Tributes are pouring in for a hometown Nanaimo boy who soared to the top of the world’s cycling stage, and died at the young age of 26 Tuesday.
Steve Smith was regarded as one of the best mountain bikers on the planet, and was idolized by people around the world for what he could do on two wheels. But the impact he had off the bike is what’s left a wave of heartbreak in his hometown.
Randy Little walks the Nanaimo BMX track where Steve Smith first fell in love with cycling.
“I remember it like it was yesterday,” says the former President of the Nanaimo BMX club and longtime friend. “He was an absolutely awesome kid, this is more or less where it all started for him.”
So the like thousands who’ve come to know the kid that became the world’s best, he is heartbroken by his sudden passing.
“All night long I’ve been getting phone calls, texts from Washington, Oregon, California, Idaho,” says Little.
The World Cup sensation known around the globe as the Canadian Chainsaw started out in BMX, at about six years old. Raised by a single mom, money was tight so they scraped together to buy his first bike with money made from selling his Grandma’s homemade pies.
“And traded pies for a bike,” remembers friend Michelle Corfield.
“I think it was a year’s worth of pie or something like that and I got a box bike out of it a free agent,” remembered Steve Smith when he was interviewed by Dirt TV for a documentary.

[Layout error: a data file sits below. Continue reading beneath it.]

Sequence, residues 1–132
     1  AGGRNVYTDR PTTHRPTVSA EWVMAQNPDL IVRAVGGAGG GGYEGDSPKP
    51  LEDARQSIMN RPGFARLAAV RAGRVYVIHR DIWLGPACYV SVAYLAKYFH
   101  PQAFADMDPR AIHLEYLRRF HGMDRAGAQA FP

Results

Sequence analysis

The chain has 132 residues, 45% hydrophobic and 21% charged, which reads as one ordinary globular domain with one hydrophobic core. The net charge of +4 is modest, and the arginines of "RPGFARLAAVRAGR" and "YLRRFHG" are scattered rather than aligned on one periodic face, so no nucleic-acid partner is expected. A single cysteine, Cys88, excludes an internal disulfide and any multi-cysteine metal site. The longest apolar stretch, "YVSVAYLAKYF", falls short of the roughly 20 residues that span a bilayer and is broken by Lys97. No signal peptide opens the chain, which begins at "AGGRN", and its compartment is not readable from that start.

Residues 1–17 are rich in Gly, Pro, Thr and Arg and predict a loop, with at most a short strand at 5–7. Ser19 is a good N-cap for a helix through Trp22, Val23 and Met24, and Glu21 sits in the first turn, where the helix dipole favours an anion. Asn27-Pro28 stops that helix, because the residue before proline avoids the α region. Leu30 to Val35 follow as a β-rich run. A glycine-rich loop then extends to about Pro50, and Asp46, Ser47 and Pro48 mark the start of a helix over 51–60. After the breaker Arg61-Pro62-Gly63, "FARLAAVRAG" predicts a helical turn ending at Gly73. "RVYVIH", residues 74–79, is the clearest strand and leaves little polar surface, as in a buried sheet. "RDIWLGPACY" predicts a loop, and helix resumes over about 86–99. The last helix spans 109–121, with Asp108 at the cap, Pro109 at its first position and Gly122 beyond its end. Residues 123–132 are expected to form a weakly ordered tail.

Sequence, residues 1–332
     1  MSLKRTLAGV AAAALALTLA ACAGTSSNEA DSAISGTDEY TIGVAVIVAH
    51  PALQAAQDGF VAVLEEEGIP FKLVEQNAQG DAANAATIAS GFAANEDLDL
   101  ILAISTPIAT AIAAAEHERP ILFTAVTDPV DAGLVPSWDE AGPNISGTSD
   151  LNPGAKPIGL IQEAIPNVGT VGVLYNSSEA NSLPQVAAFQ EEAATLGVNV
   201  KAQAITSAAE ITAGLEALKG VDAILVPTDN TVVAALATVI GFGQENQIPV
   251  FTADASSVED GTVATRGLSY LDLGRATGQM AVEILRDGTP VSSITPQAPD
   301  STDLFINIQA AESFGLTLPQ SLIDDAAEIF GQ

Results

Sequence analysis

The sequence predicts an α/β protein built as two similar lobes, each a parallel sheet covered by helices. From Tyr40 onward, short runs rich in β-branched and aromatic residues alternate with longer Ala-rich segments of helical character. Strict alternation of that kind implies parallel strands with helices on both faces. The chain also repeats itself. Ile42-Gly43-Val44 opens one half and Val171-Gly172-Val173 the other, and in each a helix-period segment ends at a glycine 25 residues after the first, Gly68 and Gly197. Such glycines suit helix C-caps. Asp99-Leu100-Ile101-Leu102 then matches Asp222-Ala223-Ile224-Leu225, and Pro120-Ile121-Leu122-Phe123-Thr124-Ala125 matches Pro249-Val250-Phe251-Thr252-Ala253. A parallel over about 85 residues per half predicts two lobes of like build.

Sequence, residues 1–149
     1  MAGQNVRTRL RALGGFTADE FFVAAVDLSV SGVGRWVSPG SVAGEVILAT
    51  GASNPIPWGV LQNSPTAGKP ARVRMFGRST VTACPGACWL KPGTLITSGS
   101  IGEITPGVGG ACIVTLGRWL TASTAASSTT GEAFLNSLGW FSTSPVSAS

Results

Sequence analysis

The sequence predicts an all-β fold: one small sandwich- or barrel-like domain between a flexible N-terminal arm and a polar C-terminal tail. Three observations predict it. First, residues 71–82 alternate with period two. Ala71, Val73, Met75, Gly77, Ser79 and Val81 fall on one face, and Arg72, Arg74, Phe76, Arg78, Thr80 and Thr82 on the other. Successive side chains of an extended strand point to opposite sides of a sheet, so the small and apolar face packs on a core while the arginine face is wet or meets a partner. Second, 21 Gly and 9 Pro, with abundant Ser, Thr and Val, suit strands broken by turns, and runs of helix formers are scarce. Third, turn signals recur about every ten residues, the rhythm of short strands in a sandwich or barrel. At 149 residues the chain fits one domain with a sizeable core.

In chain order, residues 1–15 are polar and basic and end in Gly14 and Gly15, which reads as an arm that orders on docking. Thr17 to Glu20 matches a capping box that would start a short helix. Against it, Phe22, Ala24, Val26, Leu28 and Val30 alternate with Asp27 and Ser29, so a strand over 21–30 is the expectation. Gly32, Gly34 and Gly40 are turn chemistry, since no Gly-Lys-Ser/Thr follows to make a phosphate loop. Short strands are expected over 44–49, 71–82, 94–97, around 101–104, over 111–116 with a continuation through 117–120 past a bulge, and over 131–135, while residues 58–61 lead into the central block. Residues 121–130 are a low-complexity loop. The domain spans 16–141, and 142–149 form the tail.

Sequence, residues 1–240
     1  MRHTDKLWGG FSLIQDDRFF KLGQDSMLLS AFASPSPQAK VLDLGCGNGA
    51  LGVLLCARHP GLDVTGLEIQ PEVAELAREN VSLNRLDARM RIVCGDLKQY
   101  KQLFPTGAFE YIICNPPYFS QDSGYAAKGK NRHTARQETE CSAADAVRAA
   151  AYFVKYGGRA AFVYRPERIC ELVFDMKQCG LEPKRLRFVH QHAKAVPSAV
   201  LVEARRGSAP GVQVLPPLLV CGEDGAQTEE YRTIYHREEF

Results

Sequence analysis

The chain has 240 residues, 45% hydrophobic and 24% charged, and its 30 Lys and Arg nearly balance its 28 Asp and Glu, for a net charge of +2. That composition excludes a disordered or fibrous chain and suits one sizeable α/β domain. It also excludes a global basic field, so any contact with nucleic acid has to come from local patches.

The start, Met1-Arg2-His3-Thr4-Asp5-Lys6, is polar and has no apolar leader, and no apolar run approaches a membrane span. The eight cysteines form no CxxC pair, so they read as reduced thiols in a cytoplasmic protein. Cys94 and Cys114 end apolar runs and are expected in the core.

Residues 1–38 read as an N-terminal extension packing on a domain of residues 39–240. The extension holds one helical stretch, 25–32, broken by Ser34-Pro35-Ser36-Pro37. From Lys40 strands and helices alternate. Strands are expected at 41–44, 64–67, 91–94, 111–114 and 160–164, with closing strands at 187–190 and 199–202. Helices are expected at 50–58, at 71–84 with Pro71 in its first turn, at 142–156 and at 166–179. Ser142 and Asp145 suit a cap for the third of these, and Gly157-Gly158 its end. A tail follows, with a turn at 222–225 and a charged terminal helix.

He rose to be the best mountain biker in Canadian history. Wealth and fame followed, as he dove headfirst into trying to be the best in the world. But those who knew him say he never lost his humbleness.
“I am absolutely honoured to have know him,” says Corfield.
Melissa Hoffort saw him last week when he came in to get his regular haircut at Sports Barbers.
“And he was just feeling really grateful and really lucky to be able to do what he wanted to do and have fun doing it,” says Hoffort.
But just days later his amazing run would end in a crash Friday, May 6th on a trail outside of Nanaimo’s Wastelands Motocross track.
“Went around a corner it looks like and collided with his friend,” says Corfield.
He was in a coma for days and died on Tuesday. Leaving a hole the size of a crater in the Island’s cycling community.
“There’s not a child that he goes by that is waving at him that he doesn’t actually stop to take time and say hi to and make sure that child feels special.
And Wednesday night they’re getting a chance to say goodbye to their idol. At this BMX track where it all began at, racers will do a lap in honour of Stevie Smith who set a bar youngsters can now see in their reach, because Stevie laid the track before them.
Note: A previous version of this story incorrectly stated the accident occurred at Wastelands Motorcross Track.